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'We won't forget who turned us into enemies of the people'

Netanyahu cancels cabinet vote on local lockdowns as Haredim threaten rebellion

In unprecedented letter, 4 ultra-Orthodox mayors accuse PM of turning their community into national ‘punching bag,’ say they won’t cooperate with new restrictions

Police officers close synagogues and hand out fines to Haredi Jews in Jerusalem's Bukharim neighborhood, following government restrictions imposed as part of the effort to contain the spread of the coronavirus, April 6, 2020. (Yonatan Sindel/Flash90)
Police officers close synagogues and hand out fines to Haredi Jews in Jerusalem's Bukharim neighborhood, following government restrictions imposed as part of the effort to contain the spread of the coronavirus, April 6, 2020. (Yonatan Sindel/Flash90)

Facing a withering backlash by Haredi leaders over planned lockdowns of several towns experiencing high coronavirus infection rates, Prime Minister Benjamin Netanyahu called off a special Sunday cabinet meeting on the subject and is reportedly reconsidering the closures.

Four ultra-Orthodox mayors are threatening not to cooperate with the lockdowns, and in an extraordinary letter on Sunday warned the prime minister: “We will not forget who is the man who, time and again, signed onto turning us into disease vectors and enemies of the people.”

Netanyahu met Sunday afternoon with the heads of the two major ultra-Orthodox political parties, Housing Minister Yaakov Litzman of United Torah Judaism and Interior Minister Aryeh Deri of Shas, to hammer out a new policy toward so-called “red” municipalities — those with the highest infection rates — as he seeks to assuage rising anger in the Haredi street.

The meeting came shortly before the cabinet was to convene Sunday evening to vote to impose new lockdowns on 10 municipalities, including the Arab towns of Umm al-Fahm, Tira and Kfar Qassem, and the Haredi towns of Elad, Bnei Brak, Beitar Illit and Immanuel. Israel this weekend passed 1,000 COVID-19 fatalities.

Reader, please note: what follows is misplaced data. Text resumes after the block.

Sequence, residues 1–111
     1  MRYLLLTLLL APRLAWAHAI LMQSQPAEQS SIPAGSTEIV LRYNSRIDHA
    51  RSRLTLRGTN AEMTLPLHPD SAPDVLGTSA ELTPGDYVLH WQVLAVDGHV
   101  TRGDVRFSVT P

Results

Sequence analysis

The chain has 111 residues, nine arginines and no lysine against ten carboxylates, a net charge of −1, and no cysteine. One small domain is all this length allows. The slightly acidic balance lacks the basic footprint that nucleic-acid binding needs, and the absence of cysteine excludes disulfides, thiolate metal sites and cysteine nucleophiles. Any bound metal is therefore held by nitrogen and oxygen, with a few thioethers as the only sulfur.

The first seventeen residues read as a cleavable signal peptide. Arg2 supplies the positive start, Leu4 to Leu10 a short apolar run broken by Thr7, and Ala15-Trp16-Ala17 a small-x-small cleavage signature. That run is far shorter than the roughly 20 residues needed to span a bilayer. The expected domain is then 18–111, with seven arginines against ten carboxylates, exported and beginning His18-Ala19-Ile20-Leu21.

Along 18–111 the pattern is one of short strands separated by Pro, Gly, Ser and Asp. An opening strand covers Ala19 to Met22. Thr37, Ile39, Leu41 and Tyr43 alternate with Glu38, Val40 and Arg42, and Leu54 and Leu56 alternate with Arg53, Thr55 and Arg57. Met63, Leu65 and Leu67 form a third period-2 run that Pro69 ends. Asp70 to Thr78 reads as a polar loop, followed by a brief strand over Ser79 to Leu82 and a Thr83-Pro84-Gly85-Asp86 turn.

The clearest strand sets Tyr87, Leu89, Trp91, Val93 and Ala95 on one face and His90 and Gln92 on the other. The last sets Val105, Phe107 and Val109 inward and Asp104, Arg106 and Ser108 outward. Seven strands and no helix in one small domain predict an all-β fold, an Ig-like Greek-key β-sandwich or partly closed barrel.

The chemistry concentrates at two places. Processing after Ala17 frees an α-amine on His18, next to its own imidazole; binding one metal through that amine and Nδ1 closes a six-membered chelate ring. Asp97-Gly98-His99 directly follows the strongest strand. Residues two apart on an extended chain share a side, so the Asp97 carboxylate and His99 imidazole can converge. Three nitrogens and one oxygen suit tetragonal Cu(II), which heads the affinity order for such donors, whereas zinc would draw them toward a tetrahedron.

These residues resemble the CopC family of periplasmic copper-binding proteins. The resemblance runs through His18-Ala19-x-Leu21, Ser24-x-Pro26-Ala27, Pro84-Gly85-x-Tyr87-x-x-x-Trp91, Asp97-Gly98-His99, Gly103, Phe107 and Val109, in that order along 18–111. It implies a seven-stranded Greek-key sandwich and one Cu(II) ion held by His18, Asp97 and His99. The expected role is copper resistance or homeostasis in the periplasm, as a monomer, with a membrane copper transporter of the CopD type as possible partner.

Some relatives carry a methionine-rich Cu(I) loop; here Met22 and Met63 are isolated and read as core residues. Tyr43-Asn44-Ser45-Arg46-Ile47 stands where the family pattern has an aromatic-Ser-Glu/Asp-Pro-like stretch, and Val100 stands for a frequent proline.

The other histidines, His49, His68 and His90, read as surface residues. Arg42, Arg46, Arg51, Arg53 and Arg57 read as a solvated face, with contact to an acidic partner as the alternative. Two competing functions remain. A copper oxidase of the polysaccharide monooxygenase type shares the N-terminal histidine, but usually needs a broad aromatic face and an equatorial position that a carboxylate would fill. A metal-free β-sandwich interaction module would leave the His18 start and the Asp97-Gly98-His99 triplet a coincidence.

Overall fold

Netanyahu’s apparent about-face came after Haredi leaders published an unprecedented open letter earlier Sunday accusing him of “trampling” their communities and “turning us into disease vectors and enemies of the people.”

The letter was signed by Bnei Brak Mayor Avraham Rubinstein, Beitar Illit Mayor Meir Rubinstein, Elad Mayor Israel Porush and Immanuel Mayor Eliyahu Gafni.

Screen capture from video of Bnei Brak Mayor Avraham Rubinstein during a ceremony to mark Israel’s Memorial Day, April 27, 2020. (Ynet)

“You never bothered to hear our voices, to understand our crisis, and to try to advance practical efforts to flatten the curve of infections, you weren’t listening and weren’t interested in learning,” the mayors charged.

Instead, Netanyahu “imposed one lockdown after another on Haredi cities, which never made a real difference — or we’d all have supported them with one voice and implemented them of our own accord.”

They accused Netanyahu of “trying to shift the media pressure to the weakest communities.

“We will stop cooperating with the various authorities,” they wrote, “on anything connected to the lockdown. The state’s agencies are welcome to act on their own, as they’ve done in any case over our heads. You yourself, personally, must take upon yourself the responsibility, prime minister.”

And they concluded: “The entire Haredi public will not forget the injustice being done to it. We will not forget who is the man who, time and again, signed onto turning us into disease vectors and enemies of the people through selective punishment of tens of thousands of families in the Haredi community. We see in you the lone perpetrator of these punishments.”

Prime Minister Benjamin Netanyahu (left) with then-health minister Yaakov Litzman, in Jerusalem, on March 11, 2020. (Flash90)

The view expressed in the letter, they said, had gained the backing of the Haredi community’s top rabbis before it was sent.